How music and Kpop stars BTS helped Canadians’ mental health in the pandemic

An important aspect of music therapy is community building. And community is something BTS fans know all about.

Music has helped people's mental health in the pandemic Unsplash

During the pandemic, many Canadians suffered from some form of mental health issue, whether it was depression, anxiety, addiction or post-traumatic stress disorder (PTSD). Some turned to music therapy to help them find a way through.

Music therapy is a process where “musical interventions are used clinically to achieve individualized goals,” according to the American Music Therapy Association. This is primarily done in a therapeutic environment with an accredited professional, such as a music therapist, and these musical interventions might include singing, listening to, creating or moving to music, the AMTA says.

Music therapy has been used to treat various ailments including mental illnesses, stress, and pain, and to improve communication and promote physical rehabilitation. 

“When it comes to music therapy, one of the main aspects or parameters for the session is community building,” says Lesley Bouza, an accredited music therapist. “I have seen people who have met each other, and the only thing they have in common is their taste in music, which they later used to achieve their personal and individual goals.”

The history of music therapy

Music therapy was started unofficially during The Second World War when local musicians would go to military hospitals to play for veterans. With evidence of progress in both physical and emotional responses among the veterans, hospitals began hiring musicians. Thus, the need for training professionals and developing a worldwide curriculum grew, resulting in the accreditation of music therapists.

According to The Canadian Encyclopedia, Canada’s first music therapy training program was founded in 1976, at Capilano College (now Capilano University) in North Vancouver, by Nancy McMaster and Carolyn Kenny.

While people can find it challenging or may not have the means to reach out for a professional’s help, science has proven that music naturally helps people enhance their moods. The brain functions differently while listening to music, releasing “happy” hormones and quickly changing the momentum of a person’s surroundings.

Happy hormones are a set of five different hormones released by our body when doing certain activities such as exercising or listening to music. These hormones, such as dopamine and oxytocin, instantly boost our mood and make us feel good.

Community is key to music’s therapeutic effects

Bouza says that community is a very important part of the music therapy process. “A fanbase counts as a community and when you meet people through something that you have in common, you tend to open up more towards them and that’s where people start socializing and being vocal about how they can help each other through their interests.”

Enter the BTS Army.

BTS, the globally popular KPop group, has a massive following of fans who call themselves the BTS Army. They connect through various fan pages across various social media platforms. This community has often come together to acknowledge social justice issues and raise funds for various movements such as Black Lives Matter. And not only do people connect to each other through the music they love, but the group uses their music to support their fanbase.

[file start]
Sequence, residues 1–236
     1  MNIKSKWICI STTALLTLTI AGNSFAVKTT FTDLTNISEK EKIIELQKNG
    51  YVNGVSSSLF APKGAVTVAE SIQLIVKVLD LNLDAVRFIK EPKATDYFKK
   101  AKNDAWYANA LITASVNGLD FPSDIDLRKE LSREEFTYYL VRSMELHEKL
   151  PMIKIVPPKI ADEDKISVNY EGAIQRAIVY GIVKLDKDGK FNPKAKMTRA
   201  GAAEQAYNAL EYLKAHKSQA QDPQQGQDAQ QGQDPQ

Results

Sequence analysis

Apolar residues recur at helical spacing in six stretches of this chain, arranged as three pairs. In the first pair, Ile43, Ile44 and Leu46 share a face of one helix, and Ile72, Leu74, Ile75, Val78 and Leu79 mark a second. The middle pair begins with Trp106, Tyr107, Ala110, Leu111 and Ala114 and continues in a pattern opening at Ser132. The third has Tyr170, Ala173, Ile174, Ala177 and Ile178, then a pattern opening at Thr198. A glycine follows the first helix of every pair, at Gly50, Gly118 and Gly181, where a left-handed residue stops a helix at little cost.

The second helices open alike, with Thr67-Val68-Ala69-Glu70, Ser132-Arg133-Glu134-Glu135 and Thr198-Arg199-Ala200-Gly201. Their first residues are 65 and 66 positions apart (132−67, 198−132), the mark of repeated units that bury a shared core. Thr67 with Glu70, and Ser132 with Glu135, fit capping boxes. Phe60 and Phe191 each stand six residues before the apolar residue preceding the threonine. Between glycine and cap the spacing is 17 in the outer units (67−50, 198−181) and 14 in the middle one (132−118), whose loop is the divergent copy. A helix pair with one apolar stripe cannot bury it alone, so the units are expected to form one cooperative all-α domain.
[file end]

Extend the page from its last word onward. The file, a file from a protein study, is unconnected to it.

“During the pandemic, most people felt unmotivated and had a sense of loneliness,” Areesha Fatima, a high school student, and a BTS fan says, “I did too. But listening to music made me forget about my worries and just enjoy the moment. It (music) is like a remedy for unseen wounds.”

During the pandemic, BTS’ popularity increased due to their lyrics about self-love and fighting various mental illnesses, such as Life Goes On.

“The kind of lyrics that BTS puts out are the kind that today’s youth needs to hear. It’s no wonder that so many of their followers belong to the younger generation and look up to them as their ambassadors of music”, says Ayesha Noorien, a music enthusiast and an active member of the BTS Army.

She says the music from BTS helped her go through some major family issues as the lyrics reassured her and gave her a sense of hope. “It’s really fascinating when you think of it that you can actually find the strength to go on in such situations through some music. I find it hard to find that (strength) in other artists.”

In September 2018, BTS became the first Korean Pop music group to address the United Nations. The band spoke about overcoming insecurities and pushed the younger generation to do the same during their address.

“I believe that not everybody needs songs about love and break-ups. Some of us are just struggling with homework and assignments and life. BTS has songs that make us feel enough, make us feel like we aren’t lagging in the world,” Fatima says when talking about the band’s lyrics.

Bouza says listening to music you love — BTS or otherwise — is a form of therapy if it helps you in difficult situations.

“I think the success of the band’s music is just a reminder of how everyone has their thing to help them get through, and for some, it is pop music. It is significant to them, influential in their lives, and goes to show how music is meaningful in its own way,” she says.

“People have been using music as therapy for a long time. When you look at history, people have been using music to grieve, celebrate, entertain and also express feelings among many other things. This goes to show that music has been an integral part of our lives.”

About this article

Posted: Oct 10 2021 11:31 am
Filed under: News